FEMA: Part of $260 million owed by PREPA to Cobra is ineligible for reimbursement
Cobra Acquisitions performed electrical grid repair work after Hurricane Maria under two contracts.
By THE STAR STAFF
The Puerto Rico Electric Power Authority (PREPA) remains in a dispute with Cobra Acquisitions that has now been extended to the Federal Emergency Management Agency (FEMA) over more than $260 million owed to the former contractor hired to repair the island power grid after it was destroyed in the 2017 hurricane season.
The dispute has reached FEMA, which has declared some of the amounts owed to Cobra as ineligible, which means it will not reimburse PREPA. The information is contained in a Jan. 7 status report to the court in the Title III bankruptcy process to restructure PREPA’s $10 billion debt.
PREPA had asked that payments owed to Cobra be paralyzed pending the outcome of a criminal process on corruption charges against Cobra’s former president and a federal official. Donald Keith Ellison, the former president of Cobra Acquisitions, and former FEMA official Ahsha Tribble were sentenced last year to six months in jail each for their role in a corruption scheme related to the awarding of contracts to repair the island’s electrical infrastructure following Hurricane Maria in September 2017. After the criminal court ruling, Cobra asked the federal court to lift the bankruptcy stay so that the claims against PREPA could be litigated. PREPA wants the stay to be left in place until July 31, after the utility’s plan of adjustment confirmation hearing.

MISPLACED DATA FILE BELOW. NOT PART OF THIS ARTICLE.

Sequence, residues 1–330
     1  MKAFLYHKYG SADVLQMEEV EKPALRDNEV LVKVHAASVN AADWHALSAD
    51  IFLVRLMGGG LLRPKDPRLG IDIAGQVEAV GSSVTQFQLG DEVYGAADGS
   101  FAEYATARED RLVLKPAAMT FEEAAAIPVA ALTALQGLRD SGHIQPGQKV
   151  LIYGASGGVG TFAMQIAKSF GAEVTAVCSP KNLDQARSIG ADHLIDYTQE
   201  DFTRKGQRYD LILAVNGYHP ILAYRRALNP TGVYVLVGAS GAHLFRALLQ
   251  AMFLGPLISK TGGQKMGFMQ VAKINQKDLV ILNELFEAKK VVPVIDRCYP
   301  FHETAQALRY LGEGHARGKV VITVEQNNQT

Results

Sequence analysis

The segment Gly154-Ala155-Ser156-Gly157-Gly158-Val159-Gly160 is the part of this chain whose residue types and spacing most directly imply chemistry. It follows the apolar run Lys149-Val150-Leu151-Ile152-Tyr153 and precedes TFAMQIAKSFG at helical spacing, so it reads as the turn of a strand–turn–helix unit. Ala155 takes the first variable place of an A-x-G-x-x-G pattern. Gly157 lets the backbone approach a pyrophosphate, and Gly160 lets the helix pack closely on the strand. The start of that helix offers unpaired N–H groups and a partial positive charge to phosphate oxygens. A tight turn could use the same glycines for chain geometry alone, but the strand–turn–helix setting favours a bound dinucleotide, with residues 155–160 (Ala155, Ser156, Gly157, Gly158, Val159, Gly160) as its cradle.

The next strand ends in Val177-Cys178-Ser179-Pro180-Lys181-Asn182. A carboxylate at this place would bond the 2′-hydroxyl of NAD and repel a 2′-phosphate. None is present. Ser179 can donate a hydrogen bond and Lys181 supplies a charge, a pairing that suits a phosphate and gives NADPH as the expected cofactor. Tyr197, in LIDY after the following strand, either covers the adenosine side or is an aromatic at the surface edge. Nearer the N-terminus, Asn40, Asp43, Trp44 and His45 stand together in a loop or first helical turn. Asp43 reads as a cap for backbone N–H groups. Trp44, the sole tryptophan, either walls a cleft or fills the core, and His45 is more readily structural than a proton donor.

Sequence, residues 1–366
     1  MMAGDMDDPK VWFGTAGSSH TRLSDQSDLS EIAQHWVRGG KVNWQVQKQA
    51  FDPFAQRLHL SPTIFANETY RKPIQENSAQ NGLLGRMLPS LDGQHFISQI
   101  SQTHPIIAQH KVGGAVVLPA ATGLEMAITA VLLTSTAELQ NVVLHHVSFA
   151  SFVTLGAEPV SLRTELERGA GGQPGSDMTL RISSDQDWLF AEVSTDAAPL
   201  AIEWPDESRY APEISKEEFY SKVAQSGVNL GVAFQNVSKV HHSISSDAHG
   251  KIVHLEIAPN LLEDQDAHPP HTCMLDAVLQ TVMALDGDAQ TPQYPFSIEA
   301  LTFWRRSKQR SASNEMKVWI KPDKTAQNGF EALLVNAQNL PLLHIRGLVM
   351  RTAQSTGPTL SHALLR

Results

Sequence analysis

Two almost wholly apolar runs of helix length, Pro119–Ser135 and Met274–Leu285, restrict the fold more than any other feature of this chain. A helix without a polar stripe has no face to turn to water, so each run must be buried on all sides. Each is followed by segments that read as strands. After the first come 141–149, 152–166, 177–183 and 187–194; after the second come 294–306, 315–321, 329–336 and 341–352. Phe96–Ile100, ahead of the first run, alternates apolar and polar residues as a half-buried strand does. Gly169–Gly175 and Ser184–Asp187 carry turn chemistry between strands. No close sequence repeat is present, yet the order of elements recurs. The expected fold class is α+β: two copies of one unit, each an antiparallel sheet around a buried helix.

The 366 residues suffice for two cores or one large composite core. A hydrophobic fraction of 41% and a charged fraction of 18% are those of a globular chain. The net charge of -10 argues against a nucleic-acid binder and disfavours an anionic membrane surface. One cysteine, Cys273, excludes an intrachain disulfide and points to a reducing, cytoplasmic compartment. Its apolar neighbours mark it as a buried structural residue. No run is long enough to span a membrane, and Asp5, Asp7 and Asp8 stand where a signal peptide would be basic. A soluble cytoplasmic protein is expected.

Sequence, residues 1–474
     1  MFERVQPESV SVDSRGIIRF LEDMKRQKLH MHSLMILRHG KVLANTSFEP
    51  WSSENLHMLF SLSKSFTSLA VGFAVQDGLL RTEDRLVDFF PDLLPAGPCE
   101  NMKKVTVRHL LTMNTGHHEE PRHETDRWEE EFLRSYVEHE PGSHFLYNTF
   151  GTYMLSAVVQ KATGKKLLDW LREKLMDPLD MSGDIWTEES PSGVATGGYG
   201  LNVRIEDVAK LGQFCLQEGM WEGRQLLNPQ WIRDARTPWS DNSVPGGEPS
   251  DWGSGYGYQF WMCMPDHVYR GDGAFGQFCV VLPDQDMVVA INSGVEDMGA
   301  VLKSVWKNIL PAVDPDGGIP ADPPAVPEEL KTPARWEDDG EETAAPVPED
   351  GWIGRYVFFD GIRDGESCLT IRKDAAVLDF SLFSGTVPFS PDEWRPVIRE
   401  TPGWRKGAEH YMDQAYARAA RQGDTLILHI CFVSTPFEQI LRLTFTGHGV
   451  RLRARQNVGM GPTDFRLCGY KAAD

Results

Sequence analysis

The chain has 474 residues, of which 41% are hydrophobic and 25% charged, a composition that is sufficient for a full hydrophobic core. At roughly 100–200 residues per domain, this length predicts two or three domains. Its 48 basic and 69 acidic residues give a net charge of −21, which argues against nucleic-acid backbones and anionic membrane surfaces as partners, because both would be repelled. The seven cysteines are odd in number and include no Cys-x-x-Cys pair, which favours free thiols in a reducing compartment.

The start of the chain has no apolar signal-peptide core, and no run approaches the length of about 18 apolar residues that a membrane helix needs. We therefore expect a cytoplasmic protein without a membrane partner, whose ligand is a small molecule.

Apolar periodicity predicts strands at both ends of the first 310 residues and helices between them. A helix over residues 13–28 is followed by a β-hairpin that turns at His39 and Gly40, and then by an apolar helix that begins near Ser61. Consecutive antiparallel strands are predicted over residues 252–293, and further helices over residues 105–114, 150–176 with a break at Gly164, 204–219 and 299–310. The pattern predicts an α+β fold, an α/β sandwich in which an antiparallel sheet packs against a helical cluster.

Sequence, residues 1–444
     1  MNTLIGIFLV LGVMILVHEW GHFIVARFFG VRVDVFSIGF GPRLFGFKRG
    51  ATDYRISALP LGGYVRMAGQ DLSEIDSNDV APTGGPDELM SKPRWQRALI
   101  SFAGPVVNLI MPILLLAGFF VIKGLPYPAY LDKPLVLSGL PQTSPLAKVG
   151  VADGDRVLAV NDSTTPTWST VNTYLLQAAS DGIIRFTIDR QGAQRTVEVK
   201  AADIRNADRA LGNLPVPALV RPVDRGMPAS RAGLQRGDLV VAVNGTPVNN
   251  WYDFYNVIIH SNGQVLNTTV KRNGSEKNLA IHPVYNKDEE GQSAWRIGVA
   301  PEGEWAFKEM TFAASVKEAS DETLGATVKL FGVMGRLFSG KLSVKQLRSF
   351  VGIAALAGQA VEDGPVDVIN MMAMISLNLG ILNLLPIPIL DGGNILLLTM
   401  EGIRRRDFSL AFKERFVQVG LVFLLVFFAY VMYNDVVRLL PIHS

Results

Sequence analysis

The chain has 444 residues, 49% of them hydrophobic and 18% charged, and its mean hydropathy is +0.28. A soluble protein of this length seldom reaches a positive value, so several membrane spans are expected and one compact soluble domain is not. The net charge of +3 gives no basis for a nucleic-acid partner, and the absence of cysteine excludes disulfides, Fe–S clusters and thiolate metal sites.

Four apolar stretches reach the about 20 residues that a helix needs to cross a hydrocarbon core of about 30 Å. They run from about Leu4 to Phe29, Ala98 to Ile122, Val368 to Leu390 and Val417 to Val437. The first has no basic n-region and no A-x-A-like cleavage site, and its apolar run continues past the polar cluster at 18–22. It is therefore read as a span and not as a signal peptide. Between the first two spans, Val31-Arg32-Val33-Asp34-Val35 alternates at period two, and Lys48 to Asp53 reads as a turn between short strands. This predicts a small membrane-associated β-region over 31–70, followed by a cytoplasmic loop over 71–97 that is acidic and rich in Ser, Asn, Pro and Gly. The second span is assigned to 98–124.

Cobra performed work under two contracts. PREPA has already paid Cobra $21.4 million that FEMA ultimately found was ineligible for reimbursement after initially disbursing it to the power utility.
Besides the money for its work, Cobra is claiming PREPA owes it $77 million in tax reimbursement payments. PREPA had agreed to reimburse Cobra’s tax payments but only up to a certain amount as it is trying to determine how much is truly owed. Cobra is also seeking $61.5 million in interest payments, which PREPA is disputing in part because FEMA has said the amounts are not billable.
Under a second contract, FEMA says some $73.7 million owed to Cobra is ineligible for reimbursement. PREPA and Cobra are also in disagreement over some $83 million in interest Cobra is claiming.
The Financial Oversight and Management Board, which represents PREPA in the bankruptcy, wants the continuation of the stay on all litigation to settle disputes with FEMA over reimbursements to Cobra and to be able to focus on the debt adjustment plan for the power utility.
Cobra wants the stay to be lifted and for the judge to hear the dispute at the Feb. 2 omnibus hearing. Cobra says it has not been paid since 2019 and noted that further delays will continue to accrue interest for PREPA.
“A continued stay will only encourage continued intransigence not negotiations and result in the continued accrual of a substantial amount of interest [some $3.5 million per month] and attorneys’ fees …” Cobra said.